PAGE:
Everyone in author world has his or her own definition of success. Some define it as making six figures in royalties. Many want to be published by a big 5 publisher. Others want to be number one on the New York Times bestseller list. Still others are content selling a few copies of their book to family and friends. Whether seeking recognition in publishing, longing for feedback from readers, or craving the joy that comes with creative expression, most authors have at least attempted to define success.
Writing is my passion. Someone reading what I write is my dream. Success came when I finally made more money in royalties than I earned in accounting. If I am a professional writer, I can stop being a professional accountant. That’s how I define success: having the freedom to quit the day job, indulge my passion, and pursue my dream. Royalties mean books are being sold. That means someone out there is reading. Maybe that’s not your definition, but it’s the definition that is meaningful to me.
It’s been a twelve-year journey. I started this blog years ago with the title “Journey to Publication.” I changed the title to “Suspense, She Writes” when Still Moments Publishing released my first short story in 2012. At first, I labeled myself as a romance writer because Still Moments was a romance publisher. After a few years and a few releases, I realized that the title of this blog had always been a more accurate description of what I write. I love writing suspense.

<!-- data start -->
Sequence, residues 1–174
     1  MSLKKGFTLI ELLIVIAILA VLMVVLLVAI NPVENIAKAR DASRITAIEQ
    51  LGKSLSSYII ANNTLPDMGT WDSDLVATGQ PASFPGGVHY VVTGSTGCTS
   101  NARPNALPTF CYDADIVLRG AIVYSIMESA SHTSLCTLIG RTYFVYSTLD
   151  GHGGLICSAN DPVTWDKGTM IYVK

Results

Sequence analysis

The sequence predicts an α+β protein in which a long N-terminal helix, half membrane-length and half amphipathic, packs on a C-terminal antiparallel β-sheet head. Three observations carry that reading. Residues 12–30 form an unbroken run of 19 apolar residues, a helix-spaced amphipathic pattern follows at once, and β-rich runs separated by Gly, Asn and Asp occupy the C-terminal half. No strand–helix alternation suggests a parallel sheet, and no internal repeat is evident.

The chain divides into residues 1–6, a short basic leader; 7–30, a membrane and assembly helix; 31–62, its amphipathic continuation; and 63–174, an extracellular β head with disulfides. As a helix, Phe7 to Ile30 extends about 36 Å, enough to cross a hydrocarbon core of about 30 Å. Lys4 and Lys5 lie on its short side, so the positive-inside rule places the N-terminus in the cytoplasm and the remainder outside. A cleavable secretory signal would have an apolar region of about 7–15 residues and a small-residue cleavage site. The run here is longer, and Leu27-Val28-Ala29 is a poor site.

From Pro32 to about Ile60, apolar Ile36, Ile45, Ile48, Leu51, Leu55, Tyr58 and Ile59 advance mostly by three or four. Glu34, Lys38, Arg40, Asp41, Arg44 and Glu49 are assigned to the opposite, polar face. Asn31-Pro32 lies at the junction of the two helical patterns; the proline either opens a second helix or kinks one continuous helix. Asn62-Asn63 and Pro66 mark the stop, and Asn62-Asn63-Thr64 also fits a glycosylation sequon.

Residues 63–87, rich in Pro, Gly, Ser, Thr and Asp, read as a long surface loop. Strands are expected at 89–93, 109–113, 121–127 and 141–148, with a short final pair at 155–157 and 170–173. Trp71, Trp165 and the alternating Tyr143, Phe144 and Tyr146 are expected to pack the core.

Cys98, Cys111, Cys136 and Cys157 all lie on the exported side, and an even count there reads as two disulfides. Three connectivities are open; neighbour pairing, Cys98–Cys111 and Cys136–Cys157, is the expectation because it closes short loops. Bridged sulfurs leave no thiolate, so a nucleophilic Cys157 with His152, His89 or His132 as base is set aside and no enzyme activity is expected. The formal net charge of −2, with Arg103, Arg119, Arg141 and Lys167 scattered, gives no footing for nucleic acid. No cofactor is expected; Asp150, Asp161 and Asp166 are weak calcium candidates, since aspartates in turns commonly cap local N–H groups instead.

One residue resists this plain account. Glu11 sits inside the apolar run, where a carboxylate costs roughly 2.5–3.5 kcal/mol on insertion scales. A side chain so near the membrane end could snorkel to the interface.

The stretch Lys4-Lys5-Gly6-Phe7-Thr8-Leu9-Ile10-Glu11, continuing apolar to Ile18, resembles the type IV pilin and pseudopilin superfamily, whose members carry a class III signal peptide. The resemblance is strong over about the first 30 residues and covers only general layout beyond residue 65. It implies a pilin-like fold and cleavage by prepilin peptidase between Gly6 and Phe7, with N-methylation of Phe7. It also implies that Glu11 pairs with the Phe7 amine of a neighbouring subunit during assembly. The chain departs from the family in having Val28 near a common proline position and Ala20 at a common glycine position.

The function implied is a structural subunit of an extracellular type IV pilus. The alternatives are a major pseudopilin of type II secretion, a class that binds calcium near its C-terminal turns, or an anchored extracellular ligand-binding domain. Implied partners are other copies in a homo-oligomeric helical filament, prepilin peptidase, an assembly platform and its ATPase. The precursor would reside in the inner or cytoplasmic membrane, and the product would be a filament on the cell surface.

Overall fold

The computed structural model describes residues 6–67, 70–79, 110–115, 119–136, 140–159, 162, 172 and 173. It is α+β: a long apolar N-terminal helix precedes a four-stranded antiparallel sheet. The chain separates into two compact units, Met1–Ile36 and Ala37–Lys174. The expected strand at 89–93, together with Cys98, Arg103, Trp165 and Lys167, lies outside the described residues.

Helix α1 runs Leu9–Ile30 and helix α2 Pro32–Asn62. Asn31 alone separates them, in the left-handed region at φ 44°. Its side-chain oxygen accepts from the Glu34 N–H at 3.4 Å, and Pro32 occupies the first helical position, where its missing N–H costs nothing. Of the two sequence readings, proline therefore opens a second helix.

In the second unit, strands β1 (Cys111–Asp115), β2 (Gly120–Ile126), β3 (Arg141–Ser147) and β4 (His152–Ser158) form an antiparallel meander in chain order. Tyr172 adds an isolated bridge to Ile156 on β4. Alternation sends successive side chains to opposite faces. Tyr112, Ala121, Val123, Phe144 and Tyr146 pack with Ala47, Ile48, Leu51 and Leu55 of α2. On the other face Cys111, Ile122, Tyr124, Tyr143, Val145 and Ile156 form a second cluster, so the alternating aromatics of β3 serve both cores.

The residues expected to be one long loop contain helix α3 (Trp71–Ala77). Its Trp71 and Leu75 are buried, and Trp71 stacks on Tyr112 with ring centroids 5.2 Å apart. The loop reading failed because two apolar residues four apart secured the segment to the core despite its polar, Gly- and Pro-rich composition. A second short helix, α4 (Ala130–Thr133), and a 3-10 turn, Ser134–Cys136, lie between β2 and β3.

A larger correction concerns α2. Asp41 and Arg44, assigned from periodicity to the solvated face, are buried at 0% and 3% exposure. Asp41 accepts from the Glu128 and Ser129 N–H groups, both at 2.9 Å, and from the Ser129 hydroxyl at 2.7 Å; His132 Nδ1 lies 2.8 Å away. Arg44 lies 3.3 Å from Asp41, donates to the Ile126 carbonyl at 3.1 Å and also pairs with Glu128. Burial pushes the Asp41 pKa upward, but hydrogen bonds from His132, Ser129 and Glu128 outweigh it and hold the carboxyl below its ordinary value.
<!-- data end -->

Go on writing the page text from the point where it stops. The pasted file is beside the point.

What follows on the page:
In 2014, I released my first paranormal romantic suspense novel and found my niche. After ten years of writing and publishing, I finally knew who I was as a writer. I had found the elusive voice that writers talk about—that quality of one’s writing that defines them as a writer.
Occasionally, an aspiring writer will ask me for advice on how to succeed in publishing. I try to give the best advice I can. The truth is I have no idea why my books began to sell. I have a few theories, but I can only guess. All I know for sure is that in January 2015 the first book in the Haunted Hearts series started selling, and it’s still selling. I’m grateful. It was my dream to be a professional writer. The success of the Haunted Hearts series has fulfilled my dream.
However, I am not at that place in my writing life, at least not psychologically, where I can boast about how I did it. I don’t feel comfortable giving how-to-succeed-in-this-business advice. When I do, I subconsciously, or maybe even consciously, wonder if I’m a fraud pretending like I know what I’m talking about when I really don’t. My success feels very much like being in the right place at the right time.
There is a subgenre of writing about writing, and some writers have been successful in publishing in that genre. I read their words, and I suspect those writing gurus are just as clueless about why they succeeded as I am. All of their advice is sound, but a writer could follow their advice and still remain unknown, unpublished, and unsuccessful. I'm sorry if that is discouraging, but it's the truth.
During these twelve years, there are a few things I’ve come to understand and I can state without feeling like I don’t know what I’m talking about.